Invisible Does Not Mean Intangible: Socioeconomic Inequality Has Biological Consequences

BY GAYATHRI KALLA | SQ ONLINE WRITER | SQ ONLINE (2018-19)

 

Isn’t it kind of funny how you always manage to get sick just around finals week? This is when you need to be working the hardest, and yet, your body seems to give out on you. This anecdotal evidence is a reminder of how mental stress can influence physical health. When the source of stress is society itself, however, its effects become almost inescapable. Socioeconomic inequality in the United States is not a new topic, as it has been belabored by sociologists, economists, historians, and more for decades. Debates spiral around whether it is important, whether it can be overcome, its effects on future generations’ socioeconomic status, and so on. But more recently, scientists and healthcare workers have become part of the conversation on inequality. Multiple studies have shown that social and economic inequality have detrimental biological effects on the physical and mental health of those left behind by the system.  

Inequality is a persistent aspect of a capitalist economy. Simply put, wealth produces more wealth, and those with capital reinvest their profits into the market to generate even larger profits, pulling money up the economic class ladder so that it accumulates at the top. This gap has been present since the Industrial Revolution, inspiring the works of Marx, Weber, Durkheim, and many other classical sociologists as they tried to understand the effects of this economic system on society. Today, the gap has widened into a chasm. In 2016, the top one percent of the American population owned 39.6% of all wealth in our country. The top 20%? 89.9% of national wealth. This inequality is maintained and enlarged by those in power, both intentionally and unintentionally. Sustaining this difference involves the ideologies of “individualism” and “meritocracy.” Our society believes that one’s lower financial position is solely a result of inadequacy and lack of effort, dismissing the effects of the larger social forces at work. This puts a lot of stress and blame on the individual for not “succeeding” in a capitalist society. This, as we will see, has a mental and physical impact on those who are not only ruined by this inequality, but are also unable to overcome it. On the other hand, many also claim that people higher up in the corporate chain experience more stress—the myth of “executive stress.” It partially stems from poorly-designed mid-20th century studies on rhesus monkeys that, supposedly, when given the “executive” power to prevent receiving electric shocks, were dying from stress-induced stomach ulcers. But the hundreds of studies that have followed, in monkeys and in humans, show the opposite, where those who are lower in the “pecking order” are the ones with consistently higher stress hormone levels.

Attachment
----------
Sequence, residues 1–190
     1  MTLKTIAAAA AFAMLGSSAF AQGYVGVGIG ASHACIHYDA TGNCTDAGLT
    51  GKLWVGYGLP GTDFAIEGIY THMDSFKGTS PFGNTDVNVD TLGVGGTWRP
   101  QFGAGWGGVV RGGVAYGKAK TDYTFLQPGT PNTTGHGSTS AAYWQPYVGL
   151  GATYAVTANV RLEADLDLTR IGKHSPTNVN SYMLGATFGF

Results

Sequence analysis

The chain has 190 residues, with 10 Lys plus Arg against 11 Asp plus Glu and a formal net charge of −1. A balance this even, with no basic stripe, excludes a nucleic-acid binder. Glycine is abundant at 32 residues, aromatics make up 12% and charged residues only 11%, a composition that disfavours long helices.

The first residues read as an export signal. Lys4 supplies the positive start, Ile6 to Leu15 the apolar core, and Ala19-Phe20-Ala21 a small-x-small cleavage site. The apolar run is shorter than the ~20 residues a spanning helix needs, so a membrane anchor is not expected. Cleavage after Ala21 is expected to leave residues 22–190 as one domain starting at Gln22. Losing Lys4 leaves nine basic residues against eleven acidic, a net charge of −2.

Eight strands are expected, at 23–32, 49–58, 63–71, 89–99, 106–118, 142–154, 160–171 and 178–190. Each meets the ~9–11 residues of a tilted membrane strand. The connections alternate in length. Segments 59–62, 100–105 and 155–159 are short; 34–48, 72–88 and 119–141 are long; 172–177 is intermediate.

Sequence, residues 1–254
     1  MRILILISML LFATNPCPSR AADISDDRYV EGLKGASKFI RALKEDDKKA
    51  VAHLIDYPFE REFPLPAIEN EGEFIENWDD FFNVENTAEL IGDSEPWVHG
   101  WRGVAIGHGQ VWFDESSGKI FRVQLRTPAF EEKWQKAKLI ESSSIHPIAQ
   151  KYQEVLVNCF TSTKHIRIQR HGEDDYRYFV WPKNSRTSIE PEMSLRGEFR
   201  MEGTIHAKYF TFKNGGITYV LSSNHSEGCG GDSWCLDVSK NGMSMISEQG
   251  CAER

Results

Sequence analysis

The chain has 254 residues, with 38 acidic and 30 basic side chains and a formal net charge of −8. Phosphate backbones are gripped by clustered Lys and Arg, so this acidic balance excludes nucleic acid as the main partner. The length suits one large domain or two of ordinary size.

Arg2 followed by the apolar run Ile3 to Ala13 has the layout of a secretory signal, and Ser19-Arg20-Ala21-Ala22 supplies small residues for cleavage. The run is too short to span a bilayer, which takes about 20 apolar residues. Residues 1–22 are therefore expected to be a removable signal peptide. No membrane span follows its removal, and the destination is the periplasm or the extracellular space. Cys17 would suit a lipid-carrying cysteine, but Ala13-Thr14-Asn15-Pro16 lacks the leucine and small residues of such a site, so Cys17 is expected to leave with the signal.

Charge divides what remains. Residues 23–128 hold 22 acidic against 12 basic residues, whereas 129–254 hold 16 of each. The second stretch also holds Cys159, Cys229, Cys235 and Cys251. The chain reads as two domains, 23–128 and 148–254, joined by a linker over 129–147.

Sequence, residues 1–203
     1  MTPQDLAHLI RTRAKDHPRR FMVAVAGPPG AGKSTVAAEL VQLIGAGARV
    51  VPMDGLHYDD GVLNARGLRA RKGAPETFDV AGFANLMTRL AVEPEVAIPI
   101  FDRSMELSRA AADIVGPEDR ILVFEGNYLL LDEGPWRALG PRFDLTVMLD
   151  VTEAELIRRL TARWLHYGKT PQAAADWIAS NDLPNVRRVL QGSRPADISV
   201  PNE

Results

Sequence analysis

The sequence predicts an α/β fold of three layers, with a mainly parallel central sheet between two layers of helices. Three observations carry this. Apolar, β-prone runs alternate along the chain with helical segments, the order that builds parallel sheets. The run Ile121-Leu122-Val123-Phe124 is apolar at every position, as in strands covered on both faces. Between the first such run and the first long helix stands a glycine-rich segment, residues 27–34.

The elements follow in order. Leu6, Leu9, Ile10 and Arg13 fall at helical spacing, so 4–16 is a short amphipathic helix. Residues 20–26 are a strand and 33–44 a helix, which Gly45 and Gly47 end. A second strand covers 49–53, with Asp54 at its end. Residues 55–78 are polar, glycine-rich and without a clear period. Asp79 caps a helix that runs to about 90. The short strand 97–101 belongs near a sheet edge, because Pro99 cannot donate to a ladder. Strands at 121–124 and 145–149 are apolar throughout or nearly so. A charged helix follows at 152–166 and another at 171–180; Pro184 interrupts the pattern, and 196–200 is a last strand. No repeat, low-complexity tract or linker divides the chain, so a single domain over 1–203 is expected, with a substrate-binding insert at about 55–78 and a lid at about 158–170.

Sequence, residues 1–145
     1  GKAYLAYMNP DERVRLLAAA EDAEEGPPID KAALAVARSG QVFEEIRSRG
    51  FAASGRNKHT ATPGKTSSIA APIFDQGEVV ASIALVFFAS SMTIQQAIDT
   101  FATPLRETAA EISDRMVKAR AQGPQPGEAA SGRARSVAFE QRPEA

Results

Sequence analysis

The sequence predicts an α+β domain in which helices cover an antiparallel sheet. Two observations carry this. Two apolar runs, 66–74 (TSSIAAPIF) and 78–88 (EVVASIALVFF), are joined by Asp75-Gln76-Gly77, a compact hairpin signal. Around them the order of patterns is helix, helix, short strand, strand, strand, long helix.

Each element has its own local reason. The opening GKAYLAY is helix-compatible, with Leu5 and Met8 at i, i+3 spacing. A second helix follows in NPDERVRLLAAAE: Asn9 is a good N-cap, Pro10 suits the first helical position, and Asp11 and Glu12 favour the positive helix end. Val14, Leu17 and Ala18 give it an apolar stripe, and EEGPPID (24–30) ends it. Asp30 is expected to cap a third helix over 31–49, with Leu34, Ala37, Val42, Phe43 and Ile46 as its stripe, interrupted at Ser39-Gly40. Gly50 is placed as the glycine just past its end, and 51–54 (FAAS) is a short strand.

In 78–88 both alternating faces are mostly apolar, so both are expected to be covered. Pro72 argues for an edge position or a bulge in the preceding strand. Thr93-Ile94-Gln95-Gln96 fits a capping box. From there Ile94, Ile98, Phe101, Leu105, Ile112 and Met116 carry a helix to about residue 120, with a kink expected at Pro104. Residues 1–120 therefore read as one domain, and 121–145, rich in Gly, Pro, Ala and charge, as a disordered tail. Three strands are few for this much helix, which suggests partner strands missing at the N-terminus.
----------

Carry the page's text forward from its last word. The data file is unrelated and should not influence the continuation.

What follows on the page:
Increasing relative amounts of total wealth owned by smaller and smaller percentiles of the US population, shown changing over time from 1963 to 2016. (Source)

But what about having a lower socioeconomic status causes all of this anxiety and mental pressure? Control. The inability to have control over your own life is the root cause of this perceived, permanent stress. The American Psychological Association addresses the multiple ways in which a lower socioeconomic status is tied to a lack of control, including, but not limited to: job insecurity and the threat of unemployment, the fear of under-performing at work, the inability to take time off from work for vacation or sick leave, and the frustration from being unable to spend sufficient time with family and friends. Even the rhesus monkeys from before showed the same trend. Monkeys that had most quickly learned to use levers to prevent shocks were the ones placed in the “executive” group, but they may have also been the fastest to learn because they were most upset by the shocks. This means their increased stress load may have had less to do with making “important decisions,” and more with desperately trying to protect themselves from their environment. As Keith Payne from Scientific American puts it, “If you are trying furiously to control a situation because you are terrified of what would happen if you don’t, you are not really in control at all.”